ESTRO 2021 Abstract Book
including level I or not. For 62 randomly selected pts (5% or ≥3 pts per Swedish RT-site), the CTVs for individual axillary levels were redelineated according to ESTRO guidelines. ESTRO-based delineations were also available in 210 Danish pts. Results In Swedish pts, the CTV included only breast/chest wall in 4% (n=36), breast/chest wall and level I-IV in 40% (n=332), breast/chest wall and level II-IV in 56% (n=465), or only level I-IV in 0.1% (n=1). In Danish pts, the corresponding figures were breast/chest wall and level I-IV in 51% (n=154), and breast/chest wall and level II- IV in 49% (n=148). In Swedish pts, there was no difference regarding inclusion of level I between randomized groups (39% vs. 41%, p=0.5). In Danish pts, the CTV included level I in 14% of those receiving ALND, and in 97% of pts in the surveillance group. Dose coverage data for the 62 SE pts and 210 DK pts with level I delineated are shown in table 1. Even when level I is not included as a planning target, it still receives significant dose in both Sweden and Denmark. Figure 2 shows a full dose-volume histogram for the Swedish patients only, further detailing the relatively small change in dose distribution to level I regardless if included in the CTV or not.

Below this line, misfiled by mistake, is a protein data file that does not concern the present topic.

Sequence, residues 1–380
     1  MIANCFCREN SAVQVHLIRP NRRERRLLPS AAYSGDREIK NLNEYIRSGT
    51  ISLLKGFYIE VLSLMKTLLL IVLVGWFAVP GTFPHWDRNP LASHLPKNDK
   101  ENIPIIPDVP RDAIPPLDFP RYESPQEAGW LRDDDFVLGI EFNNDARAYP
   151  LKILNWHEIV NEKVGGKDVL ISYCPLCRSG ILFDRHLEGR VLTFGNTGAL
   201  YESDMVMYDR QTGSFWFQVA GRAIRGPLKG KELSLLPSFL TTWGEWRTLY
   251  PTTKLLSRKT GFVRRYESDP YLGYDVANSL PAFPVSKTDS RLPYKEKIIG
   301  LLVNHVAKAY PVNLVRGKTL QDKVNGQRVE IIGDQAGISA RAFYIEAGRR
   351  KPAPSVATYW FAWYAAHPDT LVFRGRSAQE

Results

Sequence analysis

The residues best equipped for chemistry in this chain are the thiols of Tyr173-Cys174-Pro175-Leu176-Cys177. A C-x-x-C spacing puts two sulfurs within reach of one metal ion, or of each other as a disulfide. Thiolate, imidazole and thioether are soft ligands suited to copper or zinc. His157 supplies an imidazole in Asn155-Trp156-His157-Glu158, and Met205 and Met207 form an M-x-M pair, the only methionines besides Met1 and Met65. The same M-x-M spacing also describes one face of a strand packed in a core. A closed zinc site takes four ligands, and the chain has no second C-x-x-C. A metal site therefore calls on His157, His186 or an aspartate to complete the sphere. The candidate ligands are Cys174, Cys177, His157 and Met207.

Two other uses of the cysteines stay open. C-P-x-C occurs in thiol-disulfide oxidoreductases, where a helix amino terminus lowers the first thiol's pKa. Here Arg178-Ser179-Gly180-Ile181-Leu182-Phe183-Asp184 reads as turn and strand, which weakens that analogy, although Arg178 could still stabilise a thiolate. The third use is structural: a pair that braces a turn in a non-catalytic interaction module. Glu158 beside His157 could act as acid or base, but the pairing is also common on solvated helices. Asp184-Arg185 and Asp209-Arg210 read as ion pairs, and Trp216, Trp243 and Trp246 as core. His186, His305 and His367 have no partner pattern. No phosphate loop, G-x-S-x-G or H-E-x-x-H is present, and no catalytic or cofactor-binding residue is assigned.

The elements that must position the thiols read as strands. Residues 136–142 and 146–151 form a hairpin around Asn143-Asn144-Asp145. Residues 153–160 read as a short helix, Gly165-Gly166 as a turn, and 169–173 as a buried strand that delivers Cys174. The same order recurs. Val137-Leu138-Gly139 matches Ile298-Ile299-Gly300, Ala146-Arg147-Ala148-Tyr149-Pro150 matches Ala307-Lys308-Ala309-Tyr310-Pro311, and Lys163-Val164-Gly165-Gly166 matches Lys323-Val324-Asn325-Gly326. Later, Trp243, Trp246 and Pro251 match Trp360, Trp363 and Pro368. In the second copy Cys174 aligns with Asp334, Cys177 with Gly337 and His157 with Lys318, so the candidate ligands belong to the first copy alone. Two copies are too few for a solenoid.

Conclusion In Swedish SENOMAC pts no difference in target volumes was seen between randomized groups. In Denmark, level I was included in the surveillance group but not in case of ALND. This analysis shows, however, that regardless of inclusion in the original CTV, level I receives high dose coverage from adjacent fields through RT to the breast/chest wall and level II-IV. Hence, differences in axillary RT target volumes between randomized groups should not significantly confound the interpretation of survival analyses. OC-0070 Patient-reported symptoms of late radiation toxicity in breast cancer patients D. Mink van der Molen 1 , M. Batenburg 1 , A. Doeksen 2 , T. van Dalen 3 , E. Schoenmaeckers 4 , R. Bijlsma 5 , A. Witkamp 6 , M. Ernst 7 , M. Sier 8 , W. Maarse 9 , D. van den Bongard 10 , F. van der Leij 11 , H. Verkooijen 1 1 University Medical Centre Utrecht, Division of Imaging and Oncology, Utrecht, The Netherlands; 2 St. Antonius Hospital, Department of Surgery, Utrecht, The Netherlands; 3 Diakonessenhuis Utrecht, Department of Surgery, Utrecht, The Netherlands; 4 Meander Medisch Centrum, Department of Surgery, Amersfoort, The Netherlands; 5 University Medical Centre Utrecht, Department of Medical Oncology, Utrecht, The Netherlands; 6 University Medical Centre Utrecht, Department of Surgery, Utrecht, The Netherlands; 7 Alexander Monro Ziekenhuis, Department of Surgery, Bilthoven, The Netherlands; 8 Ziekenhuis Rivierenland, Department of Surgery, Tiel, The Netherlands; 9 University Medical Centre Utrecht, Department of Plastic, Reconstructive and Hand Surgery, Utrecht, The Netherlands; 10 Amsterdam University Medical Centre, Department of Radiation Oncology, Amsterdam, The Netherlands; 11 University Medical Centre Utrecht, Department of Radiation Oncology, Utrecht, The Netherlands Purpose or Objective To assess the prevalence of patient-reported symptoms of late radiation skin toxicity (LRT) in breast cancer patients and to determine the association between LRT and quality of life. Materials and Methods Within the prospective UMBRELLA cohort, a survey on self-reported LRT was sent to breast cancer patients with > 12 months interval since radiotherapy with curative intent. Symptoms of LRT were evaluated on a 4- point Likert scale. Based on the CTCAE version 4.03 and RTOG, LRT was defined as grade 3-4 (moderate- severe) breast or chest wall pain in combination with at least one other grade 2-4 (mild-severe) LRT symptom, i.e. breast or arm/hand lymphedema, firmness of the breast or impaired arm movement. Physical, role and
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